Once in a great while I just have to make something sweetly ooey-gooey delicious (and, um, fattening), not just to satisfy a personal craving, but also to assure Mr CC that I've still got the chops. Plus, lucky him, he gets to eat (most of) the results.
So, this here before you is a moist, creamy, crusty, raisin-walnut-apple-y, boozey bread pudding that I defy even the staunchest dieter to resist: It's got sugar but not too much; it's got cream but just enough to make your belly grin; it's got toasted, challah-like cinnamon-apple bread (mine was locally produced. Plain challah would be fine as would any sturdy bread but you may have to up the sweetness a bit); it's got fresh, chunked up apples, and it's got a tipple of bourbon - just because.
I won't lie; one of my favorite celebrity chefs (and I don't have many), Michael Symon, made a version of this and I've adapted that recipe for myself. And you.
Plan ahead for this one; there is some refrigeration time before baking.
Apple-Cinnamon Bread Pudding with Fresh Apples
Adapted from Michael Symon's Sunday Suppers
1 loaf cinnamon-apple bread - cut into 1-inch cubes, toasted, makes 6-8 cups
4 Granny Smith apples, peeled, cored and cut into 1-inch chunks
1 tablespoon fresh lemon juice
unsalted butter for the dish
6 large eggs or 12 ounces (my chickens lay very large eggs so I measure by volume)
2 cups whole milk
1 cup heavy cream (plus more for serving - optional)
1/3 cup Splenda/Sugar Blend or 2/3 cup sugar
1 tablespoon great bourbon such as Maker's Mark
1 teaspoon good vanilla
1/2 teaspoon fine kosher salt
1/4 teaspoon freshly ground nutmeg
1/4 teaspoon cinnamon (preferably organic Saigon)
Heat oven to 350 degrees F. Place the bread cubes in a single layer on several baking sheets. Bake in the oven until golden brown, shaking the pan several times so it won't burn. You may have to switch the pans around to avoid oven hot spots. Remove croutons from oven and allow to cool completely.
Butter an eight to ten-cup dish, rectangular or round, and set aside.
Peel, core and dice the apples, placing them in a large bowl. As you work, sprinkle the diced apples with lemon juice as they layer up in the bowl; this will keep them from getting discolored.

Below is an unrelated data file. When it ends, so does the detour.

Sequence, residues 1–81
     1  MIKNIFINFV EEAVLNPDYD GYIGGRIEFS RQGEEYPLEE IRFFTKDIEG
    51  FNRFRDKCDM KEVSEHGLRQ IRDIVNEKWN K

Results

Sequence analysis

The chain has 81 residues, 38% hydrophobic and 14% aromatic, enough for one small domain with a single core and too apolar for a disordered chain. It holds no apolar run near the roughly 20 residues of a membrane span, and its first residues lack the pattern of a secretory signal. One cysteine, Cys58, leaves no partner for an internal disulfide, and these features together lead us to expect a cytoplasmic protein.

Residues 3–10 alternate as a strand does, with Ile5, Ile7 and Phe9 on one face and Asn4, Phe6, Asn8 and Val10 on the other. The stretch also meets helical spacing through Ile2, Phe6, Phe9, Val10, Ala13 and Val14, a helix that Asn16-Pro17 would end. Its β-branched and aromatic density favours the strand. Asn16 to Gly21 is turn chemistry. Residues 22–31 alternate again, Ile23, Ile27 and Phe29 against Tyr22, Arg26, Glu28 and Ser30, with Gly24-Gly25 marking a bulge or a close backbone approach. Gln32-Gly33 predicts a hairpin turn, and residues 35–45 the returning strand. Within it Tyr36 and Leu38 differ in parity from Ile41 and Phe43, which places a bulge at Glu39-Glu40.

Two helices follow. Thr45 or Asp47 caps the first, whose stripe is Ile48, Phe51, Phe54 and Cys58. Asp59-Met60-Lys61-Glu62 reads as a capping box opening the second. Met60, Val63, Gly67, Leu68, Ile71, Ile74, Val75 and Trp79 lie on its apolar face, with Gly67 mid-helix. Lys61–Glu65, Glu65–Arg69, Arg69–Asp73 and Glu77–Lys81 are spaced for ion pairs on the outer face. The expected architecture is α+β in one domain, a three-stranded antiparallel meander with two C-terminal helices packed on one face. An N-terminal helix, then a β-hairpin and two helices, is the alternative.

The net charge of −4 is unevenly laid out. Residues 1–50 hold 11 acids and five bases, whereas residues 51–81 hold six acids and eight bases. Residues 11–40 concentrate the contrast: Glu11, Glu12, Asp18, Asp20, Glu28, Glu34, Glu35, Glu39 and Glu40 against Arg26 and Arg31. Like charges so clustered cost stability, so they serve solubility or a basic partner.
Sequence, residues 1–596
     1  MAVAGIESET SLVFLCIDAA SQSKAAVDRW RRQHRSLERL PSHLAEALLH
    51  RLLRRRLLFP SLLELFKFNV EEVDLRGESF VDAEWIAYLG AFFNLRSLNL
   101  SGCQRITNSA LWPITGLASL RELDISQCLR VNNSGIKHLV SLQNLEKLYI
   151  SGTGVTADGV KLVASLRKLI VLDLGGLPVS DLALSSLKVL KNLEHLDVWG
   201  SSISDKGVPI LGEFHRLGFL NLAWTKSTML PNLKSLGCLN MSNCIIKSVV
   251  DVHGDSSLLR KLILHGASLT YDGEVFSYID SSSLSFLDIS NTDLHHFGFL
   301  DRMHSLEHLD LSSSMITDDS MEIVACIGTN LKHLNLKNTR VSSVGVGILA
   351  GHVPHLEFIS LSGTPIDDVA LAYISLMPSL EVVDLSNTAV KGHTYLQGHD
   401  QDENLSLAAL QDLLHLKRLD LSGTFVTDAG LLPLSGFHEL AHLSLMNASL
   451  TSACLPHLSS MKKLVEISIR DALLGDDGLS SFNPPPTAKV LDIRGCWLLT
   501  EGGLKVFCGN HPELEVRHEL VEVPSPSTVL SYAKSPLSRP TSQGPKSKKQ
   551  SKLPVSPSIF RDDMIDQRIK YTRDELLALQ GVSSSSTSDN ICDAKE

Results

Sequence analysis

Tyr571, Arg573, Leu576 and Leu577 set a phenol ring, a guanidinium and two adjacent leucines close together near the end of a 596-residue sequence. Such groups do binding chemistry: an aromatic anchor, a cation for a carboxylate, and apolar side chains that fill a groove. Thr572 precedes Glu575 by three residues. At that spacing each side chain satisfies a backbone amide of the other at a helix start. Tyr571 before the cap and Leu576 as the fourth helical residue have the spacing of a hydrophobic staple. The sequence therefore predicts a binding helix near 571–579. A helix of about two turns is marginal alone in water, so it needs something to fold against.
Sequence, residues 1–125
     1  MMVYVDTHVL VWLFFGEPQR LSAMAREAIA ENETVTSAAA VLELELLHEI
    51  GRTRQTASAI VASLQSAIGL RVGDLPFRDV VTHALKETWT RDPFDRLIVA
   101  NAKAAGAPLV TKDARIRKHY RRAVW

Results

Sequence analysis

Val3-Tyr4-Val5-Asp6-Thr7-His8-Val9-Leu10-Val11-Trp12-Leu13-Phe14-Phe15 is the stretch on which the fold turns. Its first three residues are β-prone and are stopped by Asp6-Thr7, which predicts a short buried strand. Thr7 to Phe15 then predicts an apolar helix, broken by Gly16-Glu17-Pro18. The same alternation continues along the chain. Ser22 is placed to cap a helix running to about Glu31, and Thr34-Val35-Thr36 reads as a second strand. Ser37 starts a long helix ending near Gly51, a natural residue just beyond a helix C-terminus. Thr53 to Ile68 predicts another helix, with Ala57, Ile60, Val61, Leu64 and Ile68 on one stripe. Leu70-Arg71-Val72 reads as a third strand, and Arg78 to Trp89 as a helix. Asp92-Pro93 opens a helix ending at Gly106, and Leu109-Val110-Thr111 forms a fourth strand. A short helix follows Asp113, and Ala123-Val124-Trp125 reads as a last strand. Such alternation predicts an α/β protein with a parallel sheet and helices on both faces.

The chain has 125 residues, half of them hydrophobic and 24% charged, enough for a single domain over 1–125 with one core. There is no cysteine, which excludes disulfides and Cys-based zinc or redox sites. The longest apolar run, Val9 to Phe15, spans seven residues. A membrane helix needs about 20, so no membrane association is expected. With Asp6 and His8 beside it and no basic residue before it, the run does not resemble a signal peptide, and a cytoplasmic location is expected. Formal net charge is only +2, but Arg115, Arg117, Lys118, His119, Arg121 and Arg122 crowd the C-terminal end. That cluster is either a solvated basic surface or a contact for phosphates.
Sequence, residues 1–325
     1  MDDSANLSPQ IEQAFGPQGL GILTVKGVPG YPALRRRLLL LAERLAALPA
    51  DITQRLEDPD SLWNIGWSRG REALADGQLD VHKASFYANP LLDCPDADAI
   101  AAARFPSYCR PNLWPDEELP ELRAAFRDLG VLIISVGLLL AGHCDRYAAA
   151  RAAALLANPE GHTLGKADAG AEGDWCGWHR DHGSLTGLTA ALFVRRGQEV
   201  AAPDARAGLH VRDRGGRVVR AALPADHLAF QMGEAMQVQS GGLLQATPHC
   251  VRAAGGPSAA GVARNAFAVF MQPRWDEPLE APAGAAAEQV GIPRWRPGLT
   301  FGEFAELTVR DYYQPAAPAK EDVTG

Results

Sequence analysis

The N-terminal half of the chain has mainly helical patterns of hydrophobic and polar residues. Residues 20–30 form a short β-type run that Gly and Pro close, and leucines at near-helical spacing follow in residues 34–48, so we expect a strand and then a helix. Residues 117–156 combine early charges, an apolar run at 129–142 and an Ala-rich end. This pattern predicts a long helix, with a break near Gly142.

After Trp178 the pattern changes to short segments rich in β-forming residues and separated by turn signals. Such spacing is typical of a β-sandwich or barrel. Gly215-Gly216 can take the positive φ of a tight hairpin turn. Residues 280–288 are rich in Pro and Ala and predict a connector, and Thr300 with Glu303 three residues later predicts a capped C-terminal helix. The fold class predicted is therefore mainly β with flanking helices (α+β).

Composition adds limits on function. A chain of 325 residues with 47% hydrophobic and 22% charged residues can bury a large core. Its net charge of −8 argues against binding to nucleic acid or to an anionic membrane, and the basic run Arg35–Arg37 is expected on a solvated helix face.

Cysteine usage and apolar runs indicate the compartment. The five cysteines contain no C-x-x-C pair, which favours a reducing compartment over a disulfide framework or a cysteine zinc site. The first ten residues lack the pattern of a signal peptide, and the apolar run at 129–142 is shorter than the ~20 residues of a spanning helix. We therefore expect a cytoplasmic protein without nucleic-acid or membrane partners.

When the croutons are cool, place them in the baking dish topped with the diced apples. Toss briefly to lightly mix.
Whisk together the eggs, milk, cream, sugar, vanilla, salt, cinnamon and nutmeg until well blended. Whisk in the bourbon.
Pour the egg mixture over the crouton-apple mixture, pushing the croutons into the custard as much as possible (they will pop up of their own accord anyway, so what you want to do is get them moistened). Cover with plastic wrap and refrigerate for several hours, occasionally pushing the croutons into the custard.
Heat the oven to 350 degrees F.
Place the pudding-filled baking dish inside of a larger roasting pan and fill the roasting pan with hot water so it comes halfway up the sides of the baking dish.
Place the whole thing into the oven and bake for 45 minutes to 1 hour or until the top is golden brown and a wooden pick comes out clean when inserted into the center of the pudding.
Allow the pudding to cool to just warm or room temperature.
Spoon several tablespoons of heavy cream onto a dessert plate and top with a scoop of warm bread pudding. Drizzle a bit more cream over the pudding and serve immediately.
- Or -
While the pudding is baking, whip some heavy cream, adding a bit of sugar and a few teaspoons of bourbon, until stiff peaks form. Keep chilled. Top pudding with a dollop of whipped cream and a dusting of cinnamon just before serving.
To refrigerate leftovers, don't cover with plastic wrap which will cause condensation to form which will water the top of the pudding. Instead loosely drape with parchment paper.
Copyright © 2005-2012, Christine Cooks. All rights reserved